Wednesday, November 26, 2008

Platelet Rich Plasma helps Treat Achilles Tendons

The published and presented data supporting the use of buffered platelet rich plasma continues to grow. PRP has now been shown in a small study to help treat chronic achilles tendonitis (tendinosis).

AM (Total Tendon, ApexPRP)

Guelfi et al recently presented a series of 16 cases of non-insertional achilles tendonitis at a recent meeting in Brazil. They used unactivated, buffered platelet rich plasma prepared using the Biomet Recover System, also known as the GPS. Significant improvement was found in all 16 of their patients via imaging. They also reported the patients returning to sports at six months with a high degree of satisfaction.

MRI Prior to PRP

4 months after PRP
"International Federation of Foot and Ankle Societies", , Third Triennial Scientific Meeting, Costa do Sauipe, Bahia, Brazil September 18-20, 2008. (The case shown is from AM)

Sunday, November 02, 2008

Growth Factors in Shoulder Surgery

In the article outlined below, Dr. Randelli and his colleagues have confirmed that valuable growth factors are released when performing an arthroscopic acromioplasty. This is a landmark paper that will be cited many times as we try to understand how to use platelet rich plasma and other biologic treatments. His work for the first time has confirmed that the mechanical removal of an acromial spur has biologic consequences. Excellent information.
Total Tendon

Release of growth factors after arthroscopic acromioplasty.

It has recently been postulated that a variety of growth factors may be released from cancellous bone after an acromioplasty. The aim of this study was to demonstrate the presence of growth factors in the subacromial space after acromioplasty. Between October 2006 and March 2007, 23 patients underwent arthroscopic acromioplasty. A sample of at least 3 ml of fluid from the shoulder was obtained 15 min after the end of the procedure. At the same time another sample of 3 ml of the patient's venous blood was obtained as a control. The concentrations of growth factors in the fluids collected were determined using enzyme-linked immunosorbent assay (ELISA). The growth factors assayed were platelet-derived growth factor-AB (PDGF-AB), basic fibroblast growth factor basic (bFGF) and transforming growth factor beta 1 (TGF-beta1). The concentrations of TGF-beta1 (p = 0.0001), PDGF-AB (p = 0.02), and bFGF (p <>

PRP promotes Cell Proliferation

Below is still more basic science evidence to suggest platelet rich plasma is helpful for wound healing and tissue engineering.
AM (Total Tendon)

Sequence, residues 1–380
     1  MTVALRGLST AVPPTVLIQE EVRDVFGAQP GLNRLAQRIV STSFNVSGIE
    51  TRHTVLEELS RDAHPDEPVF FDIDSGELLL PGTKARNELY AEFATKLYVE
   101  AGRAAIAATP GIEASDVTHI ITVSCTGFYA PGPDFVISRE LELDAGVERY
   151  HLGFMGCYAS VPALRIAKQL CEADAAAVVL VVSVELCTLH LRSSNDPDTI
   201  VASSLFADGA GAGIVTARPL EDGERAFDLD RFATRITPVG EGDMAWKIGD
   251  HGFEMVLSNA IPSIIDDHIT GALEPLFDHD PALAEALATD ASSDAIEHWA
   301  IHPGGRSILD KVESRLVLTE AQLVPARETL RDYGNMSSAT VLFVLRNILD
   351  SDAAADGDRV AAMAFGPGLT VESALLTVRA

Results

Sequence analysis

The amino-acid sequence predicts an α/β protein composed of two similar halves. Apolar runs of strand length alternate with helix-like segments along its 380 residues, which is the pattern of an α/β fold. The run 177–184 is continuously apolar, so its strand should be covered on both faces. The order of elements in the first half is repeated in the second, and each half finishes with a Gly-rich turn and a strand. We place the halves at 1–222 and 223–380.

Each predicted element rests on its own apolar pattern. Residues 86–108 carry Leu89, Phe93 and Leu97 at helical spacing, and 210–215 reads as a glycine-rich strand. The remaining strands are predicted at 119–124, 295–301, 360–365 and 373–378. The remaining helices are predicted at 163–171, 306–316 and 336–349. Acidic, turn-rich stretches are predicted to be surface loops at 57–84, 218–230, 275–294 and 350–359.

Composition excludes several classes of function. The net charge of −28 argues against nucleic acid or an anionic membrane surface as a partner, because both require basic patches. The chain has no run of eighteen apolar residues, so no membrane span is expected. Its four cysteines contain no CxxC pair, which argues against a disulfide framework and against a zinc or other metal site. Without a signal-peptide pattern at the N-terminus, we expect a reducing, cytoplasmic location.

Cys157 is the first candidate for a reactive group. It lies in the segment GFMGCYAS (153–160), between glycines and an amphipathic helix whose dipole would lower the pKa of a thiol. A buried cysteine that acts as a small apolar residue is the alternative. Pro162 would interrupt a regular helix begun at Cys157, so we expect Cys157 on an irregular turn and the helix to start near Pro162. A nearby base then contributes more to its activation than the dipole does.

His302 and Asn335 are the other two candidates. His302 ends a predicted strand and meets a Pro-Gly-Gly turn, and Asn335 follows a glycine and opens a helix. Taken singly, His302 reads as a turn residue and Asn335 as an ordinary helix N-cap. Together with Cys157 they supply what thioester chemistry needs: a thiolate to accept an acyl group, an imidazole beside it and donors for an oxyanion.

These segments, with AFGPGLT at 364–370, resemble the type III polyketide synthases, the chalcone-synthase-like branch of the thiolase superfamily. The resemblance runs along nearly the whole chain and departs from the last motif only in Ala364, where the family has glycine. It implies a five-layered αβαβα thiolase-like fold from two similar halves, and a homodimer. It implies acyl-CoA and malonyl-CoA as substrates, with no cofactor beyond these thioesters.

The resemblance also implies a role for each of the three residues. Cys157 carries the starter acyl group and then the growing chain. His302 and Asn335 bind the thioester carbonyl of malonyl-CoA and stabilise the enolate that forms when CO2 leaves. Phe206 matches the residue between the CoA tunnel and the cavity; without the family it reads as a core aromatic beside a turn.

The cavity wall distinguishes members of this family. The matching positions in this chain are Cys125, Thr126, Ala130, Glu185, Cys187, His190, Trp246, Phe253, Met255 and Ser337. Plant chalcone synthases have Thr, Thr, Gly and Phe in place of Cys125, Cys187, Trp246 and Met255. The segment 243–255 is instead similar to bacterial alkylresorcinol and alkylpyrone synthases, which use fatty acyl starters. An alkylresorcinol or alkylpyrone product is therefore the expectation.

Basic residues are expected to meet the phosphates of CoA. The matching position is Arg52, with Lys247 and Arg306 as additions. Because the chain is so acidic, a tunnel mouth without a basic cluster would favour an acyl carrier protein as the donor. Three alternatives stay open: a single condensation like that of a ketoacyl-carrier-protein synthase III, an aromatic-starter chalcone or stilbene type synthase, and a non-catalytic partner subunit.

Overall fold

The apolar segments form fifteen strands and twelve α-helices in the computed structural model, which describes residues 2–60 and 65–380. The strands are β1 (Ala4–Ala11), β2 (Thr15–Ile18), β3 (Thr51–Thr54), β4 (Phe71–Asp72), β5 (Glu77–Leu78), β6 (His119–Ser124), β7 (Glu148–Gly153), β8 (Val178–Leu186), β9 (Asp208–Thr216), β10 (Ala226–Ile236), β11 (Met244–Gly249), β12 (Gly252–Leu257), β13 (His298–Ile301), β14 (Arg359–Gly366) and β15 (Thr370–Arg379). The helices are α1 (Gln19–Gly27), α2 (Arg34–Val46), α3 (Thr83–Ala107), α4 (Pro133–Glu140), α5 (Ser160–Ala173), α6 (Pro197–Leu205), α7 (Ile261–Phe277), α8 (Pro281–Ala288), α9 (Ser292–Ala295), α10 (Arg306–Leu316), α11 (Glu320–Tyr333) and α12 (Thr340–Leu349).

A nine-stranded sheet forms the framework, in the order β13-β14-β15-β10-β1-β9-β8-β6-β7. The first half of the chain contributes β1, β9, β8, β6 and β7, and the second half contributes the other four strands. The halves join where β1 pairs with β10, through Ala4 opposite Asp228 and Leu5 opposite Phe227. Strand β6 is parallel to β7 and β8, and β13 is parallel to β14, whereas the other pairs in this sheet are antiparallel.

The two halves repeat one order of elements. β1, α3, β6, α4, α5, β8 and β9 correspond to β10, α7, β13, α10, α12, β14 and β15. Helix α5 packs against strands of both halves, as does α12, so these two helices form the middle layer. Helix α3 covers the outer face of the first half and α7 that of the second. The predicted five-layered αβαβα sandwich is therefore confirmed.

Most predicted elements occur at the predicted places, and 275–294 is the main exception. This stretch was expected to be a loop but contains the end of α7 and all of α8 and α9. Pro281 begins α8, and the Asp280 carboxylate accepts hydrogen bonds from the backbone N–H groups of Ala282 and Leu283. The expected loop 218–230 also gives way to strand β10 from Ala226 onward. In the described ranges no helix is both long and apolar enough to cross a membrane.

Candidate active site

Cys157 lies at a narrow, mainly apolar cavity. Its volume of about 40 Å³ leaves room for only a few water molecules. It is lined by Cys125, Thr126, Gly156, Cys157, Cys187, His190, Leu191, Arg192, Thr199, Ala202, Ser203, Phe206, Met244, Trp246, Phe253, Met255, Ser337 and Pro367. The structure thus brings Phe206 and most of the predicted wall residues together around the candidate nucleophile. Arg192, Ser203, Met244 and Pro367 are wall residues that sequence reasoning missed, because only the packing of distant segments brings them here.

Plast Reconstr Surg. 2008 Nov;122(5):1352-60.

Proliferation-promoting effect of platelet-rich plasma on human adipose-derived stem cells and human dermal fibroblasts.

Department of Plastic and Reconstructive Surgery, Kansai Medical University, Osaka, Japan.

BACKGROUND: This study evaluated changes in platelet-derived growth factor (PDGF)-AB and transforming growth factor (TGF)-beta1 release from platelets by platelet-rich plasma activation, and the proliferation potential of activated platelet-rich plasma and platelet-poor plasma on human adipose-derived stem cells and human dermal fibroblasts. METHODS: Platelet-rich plasma was prepared using a double-spin method, with the number of platelets counted in each preparation stage. Platelet-rich and platelet-poor plasma were activated with autologous thrombin and calcium chloride, and levels of platelet-released PDGF-AB and TGF-beta1 were determined by enzyme-linked immunosorbent assay. Cells were cultured for 1, 4, or 7 days in serum-free Dulbecco's Modified Eagle Medium supplemented with 5% whole blood plasma, nonactivated platelet-rich plasma, nonactivated platelet-poor plasma, activated platelet-rich plasma, or activated platelet-poor plasma. In parallel, these cells were cultured for 1, 4, or 7 days in serum-free Dulbecco's Modified Eagle Medium supplemented with 1%, 5%, 10%, or 20% activated platelet-rich plasma. The cultured human adipose-derived stem cells and human dermal fibroblasts were assayed for proliferation. RESULTS: Platelet-rich plasma contained approximately 7.9 times as many platelets as whole blood, and its activation was associated with the release of large amounts of PDGF-AB and TGF-beta1. Adding activated platelet-rich or platelet-poor plasma significantly promoted the proliferation of human adipose-derived stem cells and human dermal fibroblasts. Adding 5% activated platelet-rich plasma to the medium maximally promoted cell proliferation, but activated platelet-rich plasma at 20% did not promote it. CONCLUSIONS: Platelet-rich plasma can enhance the proliferation of human adipose-derived stem cells and human dermal fibroblasts. These results support clinical platelet-rich plasma application for cell-based, soft-tissue engineering and wound healing.

Saturday, November 01, 2008

Best Treatment for Tennis Elbow?

We are polling people to figure out the best treatment for a patient with 3 months of tennis elbow pain (lateral epicondylitis). The patient is a healthy 42 year old female who plays 2-3 hours per week and can no longer participate. Her pain now occurs even with activities of daily living such as driving. Please vote in the poll on this blog.

Comment as you wish as well.

AM (Total Tendon)
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